By the time Woods joined AOL, he says, "Things were on the path to disaster. I was there two years–I was reorganized seven times, I was a VP of a bunch of different things."
His experiences at AOL–not only the way his product was reshaped (Quack has since been turned into a search tool for Apple's iPad tablet) but also the torment of watching as Netscape slowly faded away–have altered the way he views acquisitions today. "I was brought into Google to be an entrepreneurial advocate, to help drive some innovation, to help champion ideas and get them bought into across the company," he says.
A big part of his job at Google is to look around for potential acquisition targets–the company, on average, makes anywhere from 10 to 20 corporate purchases a year, the majority of which tend to go unnoticed. But when he met SocialDeck's founders in the summer of 2009, Woods didn't see a potential acquisition; he simply saw two bright engineers from his alma mater with a neat product on their hands. It wasn't until early 2010 that discussions between the two sides really began. And the initial impetus for those discussions didn't come from Woods or SocialDeck–it came from Mountain View, California.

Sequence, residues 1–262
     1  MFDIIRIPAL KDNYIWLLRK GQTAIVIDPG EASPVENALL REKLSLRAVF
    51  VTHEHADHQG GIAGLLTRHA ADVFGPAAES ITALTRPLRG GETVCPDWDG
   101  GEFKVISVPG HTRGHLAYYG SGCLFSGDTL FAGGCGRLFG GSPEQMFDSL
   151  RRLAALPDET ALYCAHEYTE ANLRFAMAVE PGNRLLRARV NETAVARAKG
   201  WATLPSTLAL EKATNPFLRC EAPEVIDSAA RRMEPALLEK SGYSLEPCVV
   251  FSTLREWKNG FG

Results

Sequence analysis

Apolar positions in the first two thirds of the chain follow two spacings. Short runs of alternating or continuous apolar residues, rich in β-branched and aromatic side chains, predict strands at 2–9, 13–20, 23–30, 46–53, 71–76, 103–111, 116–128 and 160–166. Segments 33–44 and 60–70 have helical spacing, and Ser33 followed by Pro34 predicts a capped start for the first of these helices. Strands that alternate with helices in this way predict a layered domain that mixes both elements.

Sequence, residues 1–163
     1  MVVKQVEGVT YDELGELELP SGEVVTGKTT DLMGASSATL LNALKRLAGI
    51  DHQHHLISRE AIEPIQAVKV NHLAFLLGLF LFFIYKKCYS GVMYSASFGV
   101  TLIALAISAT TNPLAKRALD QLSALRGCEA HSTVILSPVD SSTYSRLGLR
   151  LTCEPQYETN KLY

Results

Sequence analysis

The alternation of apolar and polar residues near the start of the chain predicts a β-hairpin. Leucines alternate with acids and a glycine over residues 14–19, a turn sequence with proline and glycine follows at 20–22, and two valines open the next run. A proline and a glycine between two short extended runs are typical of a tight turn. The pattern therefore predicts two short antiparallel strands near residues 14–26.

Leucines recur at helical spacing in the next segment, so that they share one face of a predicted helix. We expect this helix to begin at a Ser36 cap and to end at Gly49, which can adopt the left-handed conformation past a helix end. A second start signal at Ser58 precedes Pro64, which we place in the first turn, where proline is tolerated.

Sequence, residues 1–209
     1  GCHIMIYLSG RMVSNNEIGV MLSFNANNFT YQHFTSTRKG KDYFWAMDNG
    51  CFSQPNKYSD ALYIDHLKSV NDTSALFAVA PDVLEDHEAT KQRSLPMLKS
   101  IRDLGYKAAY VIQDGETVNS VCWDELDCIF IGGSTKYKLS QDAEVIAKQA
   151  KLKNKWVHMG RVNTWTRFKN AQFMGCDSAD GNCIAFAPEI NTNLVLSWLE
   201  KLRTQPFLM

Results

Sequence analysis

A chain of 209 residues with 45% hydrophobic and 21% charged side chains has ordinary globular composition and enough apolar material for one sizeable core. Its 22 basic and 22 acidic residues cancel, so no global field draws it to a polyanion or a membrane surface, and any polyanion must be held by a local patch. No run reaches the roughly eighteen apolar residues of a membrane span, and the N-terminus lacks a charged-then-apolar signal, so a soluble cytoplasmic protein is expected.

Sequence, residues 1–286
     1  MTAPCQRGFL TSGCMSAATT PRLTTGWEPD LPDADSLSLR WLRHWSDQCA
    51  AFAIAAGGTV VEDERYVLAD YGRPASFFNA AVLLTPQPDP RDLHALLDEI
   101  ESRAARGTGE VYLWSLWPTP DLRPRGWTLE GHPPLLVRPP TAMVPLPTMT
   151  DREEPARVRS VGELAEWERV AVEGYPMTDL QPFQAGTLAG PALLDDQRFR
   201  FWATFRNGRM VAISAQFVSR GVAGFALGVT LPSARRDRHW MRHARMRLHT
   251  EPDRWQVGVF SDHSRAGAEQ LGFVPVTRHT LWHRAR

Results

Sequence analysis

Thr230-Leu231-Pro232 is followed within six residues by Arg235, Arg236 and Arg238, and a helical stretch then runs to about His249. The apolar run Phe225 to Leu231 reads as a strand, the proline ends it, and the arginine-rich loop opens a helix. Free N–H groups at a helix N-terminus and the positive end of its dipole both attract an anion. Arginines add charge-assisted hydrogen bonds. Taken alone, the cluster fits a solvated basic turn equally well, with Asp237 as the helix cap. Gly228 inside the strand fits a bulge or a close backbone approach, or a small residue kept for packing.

Early this year, top brass at Google's Waterloo campus received word from headquarters that they would begin working on a new project–one that the company has yet to even disclose publicly. But it was clear that the new service Waterloo was being assigned to work on was focused on Google's growing interest in social networking. It has made several forays into the social Web as of late–including Wave and Buzz–but it has yet to capture the public's imagination the way Facebook, Twitter and other such sites have done.